(Photo Credit: Maxually’s Photostream)
This is a guest note by Anya Landau French, director of the New America Foundation/U.S.-Cuba Policy Initiative. This post originally appeared at The Havana Note.
You have to hand it to Amb. Roger Noriega, former U.S. Representative to the OAS and former Assistant Secretary of State for the Western Hemisphere under President G.W. Bush. When our fifty year-old failed Cuba policy is in trouble, he steps up to defend it the best he can.
In Forbes.com last week, Noriega sought to quell business community interest in The Travel Restriction Reform and Export Enhancement Act (TRREEA), a draft bill offered by House Agriculture Committee Chairman Collin Peterson that would lift the U.S. travel ban and slightly ease certain food export restrictions toward Cuba. Noriega, a former Jesse Helms staffer who helped draft the 1996 Helms-Burton Act – the best known piece of the U.S. embargo of Cuba – offers a little something for everyone.
For foreign policy purists who believe that foreign policy is the sole prerogative of the President, and for preconditioned policy subscribers, Noriega waves the red flag that TRREEA “would take that discretion and diplomatic leverage out of [the President’s] hands.” Of course, that’s more than a little ironic coming from the architect of the most codified (legislatively mandated) foreign policy ever foisted on a U.S. President. Until 1996, much of the U.S. embargo, like most sanctions, was largely based on Presidential declarations and Executive Branch regulations. The Helms-Burton Act turned all of it into law.
For free traders, Noriega’s got something for you too. And it’s anything but Cuba.
“There are three other trade deals pending in Congress today–with Colombia, Panama and South Korea–that would mean much more for American farmers, workers and consumers. Every day that we fail to act on these accords, our competitors can take those markets away from us.”
Now, there’s a compelling argument: the competition’s going to eat our lunch. Sounds an awful lot like what Scott Fritz of the American Soybean Association told Congress last month when he and a panel full of farm commodity group representatives urged increasing food trade with Cuba, “”We can no longer sit on the sidelines and watch our competitors supply a market where we have a natural advantage.”
So, what’s the difference then between trade with, say, Colombia, and trade with Cuba? Is it that Colombia would have “free” access to the U.S. market and Cuba would gain no new access? (Well, and Cuba doesn’t have any access now.) I’m not against the free trade agreements negotiated with Colombia, Panama or Korea, but keep in mind that free trade isn’t always a simple sell to U.S. producers. FTAs offer U.S. producers the hope of increased access to a foreign market in exchange for foreign producers gaining freer access to our market too. Uniquely, the Peterson proposal would only increase U.S. market share in Cuba – as a rancher friend of mine from Montana often says with an urgent glint in his eye, “We’re talking about one-way trade here!” (Not that I’m for one-way trade, either. But I’ll bet American farmers would take it while it lasts.)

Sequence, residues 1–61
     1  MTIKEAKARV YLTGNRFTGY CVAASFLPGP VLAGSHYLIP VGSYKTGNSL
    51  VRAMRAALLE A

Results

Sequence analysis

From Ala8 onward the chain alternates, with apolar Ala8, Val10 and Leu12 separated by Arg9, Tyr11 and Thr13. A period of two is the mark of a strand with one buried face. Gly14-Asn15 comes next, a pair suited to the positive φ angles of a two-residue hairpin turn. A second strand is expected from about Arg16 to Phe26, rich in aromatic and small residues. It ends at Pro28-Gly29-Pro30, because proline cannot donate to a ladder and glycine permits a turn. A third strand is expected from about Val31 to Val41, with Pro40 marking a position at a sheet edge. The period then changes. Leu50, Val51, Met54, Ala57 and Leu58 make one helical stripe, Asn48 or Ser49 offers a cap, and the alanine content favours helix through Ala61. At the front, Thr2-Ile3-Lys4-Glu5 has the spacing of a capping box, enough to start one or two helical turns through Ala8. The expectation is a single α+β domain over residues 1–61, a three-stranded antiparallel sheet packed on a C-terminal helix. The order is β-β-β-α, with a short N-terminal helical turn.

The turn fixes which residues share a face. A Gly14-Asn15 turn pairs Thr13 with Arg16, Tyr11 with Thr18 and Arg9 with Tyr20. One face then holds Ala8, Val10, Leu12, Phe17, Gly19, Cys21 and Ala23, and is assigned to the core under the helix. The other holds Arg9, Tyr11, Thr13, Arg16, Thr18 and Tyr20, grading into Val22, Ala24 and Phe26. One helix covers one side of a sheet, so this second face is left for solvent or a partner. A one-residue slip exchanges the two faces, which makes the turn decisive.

Noriega admits that the Cuba embargo has failed to produce its intended results – yet. But now is not the time to “resuscitate” Castro, he warns. “We can do right by our farmers without compromising our values.” Well that sure sounds nice but I wouldn’t take it to the bank.
Our current policy violates our freedom to travel, harms the Cuban people more than it harms the Cuban government, and puts U.S. farmers in need of new markets at a disadvantage in a natural market 90 miles away. How many American values are worth treading on for the satisfaction that we didn’t give the old man the satisfaction? So long as we continue to stand in the way of free and open travel and food trade to the island, we’re not doing right by our farmers or the Cuban people.
— Anya Landau French